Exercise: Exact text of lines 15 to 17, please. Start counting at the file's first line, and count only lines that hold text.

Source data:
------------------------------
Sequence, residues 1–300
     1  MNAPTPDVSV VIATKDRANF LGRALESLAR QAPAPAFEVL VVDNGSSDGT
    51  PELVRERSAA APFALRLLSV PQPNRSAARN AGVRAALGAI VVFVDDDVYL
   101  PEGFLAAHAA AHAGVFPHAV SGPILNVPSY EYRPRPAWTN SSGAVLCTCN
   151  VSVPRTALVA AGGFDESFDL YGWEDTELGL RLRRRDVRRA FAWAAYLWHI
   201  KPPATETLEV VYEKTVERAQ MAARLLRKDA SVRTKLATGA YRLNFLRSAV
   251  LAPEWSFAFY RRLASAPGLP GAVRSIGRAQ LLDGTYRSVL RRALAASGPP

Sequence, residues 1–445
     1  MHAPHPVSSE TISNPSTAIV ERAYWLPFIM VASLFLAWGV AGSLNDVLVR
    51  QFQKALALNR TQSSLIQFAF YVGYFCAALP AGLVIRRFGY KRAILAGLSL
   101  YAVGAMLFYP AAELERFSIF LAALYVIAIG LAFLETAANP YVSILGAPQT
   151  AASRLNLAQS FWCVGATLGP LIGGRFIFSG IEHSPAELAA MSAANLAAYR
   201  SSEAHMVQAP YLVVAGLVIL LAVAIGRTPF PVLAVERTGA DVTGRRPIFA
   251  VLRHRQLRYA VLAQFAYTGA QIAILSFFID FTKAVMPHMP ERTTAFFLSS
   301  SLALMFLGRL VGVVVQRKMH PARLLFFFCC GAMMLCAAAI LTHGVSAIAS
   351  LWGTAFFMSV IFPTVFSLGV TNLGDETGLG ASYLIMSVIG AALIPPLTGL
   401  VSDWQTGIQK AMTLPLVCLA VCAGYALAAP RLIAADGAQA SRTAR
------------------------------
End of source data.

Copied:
   301  SLALMFLGRL VGVVVQRKMH PARLLFFFCC GAMMLCAAAI LTHGVSAIAS
   351  LWGTAFFMSV IFPTVFSLGV TNLGDETGLG ASYLIMSVIG AALIPPLTGL
   401  VSDWQTGIQK AMTLPLVCLA VCAGYALAAP RLIAADGAQA SRTAR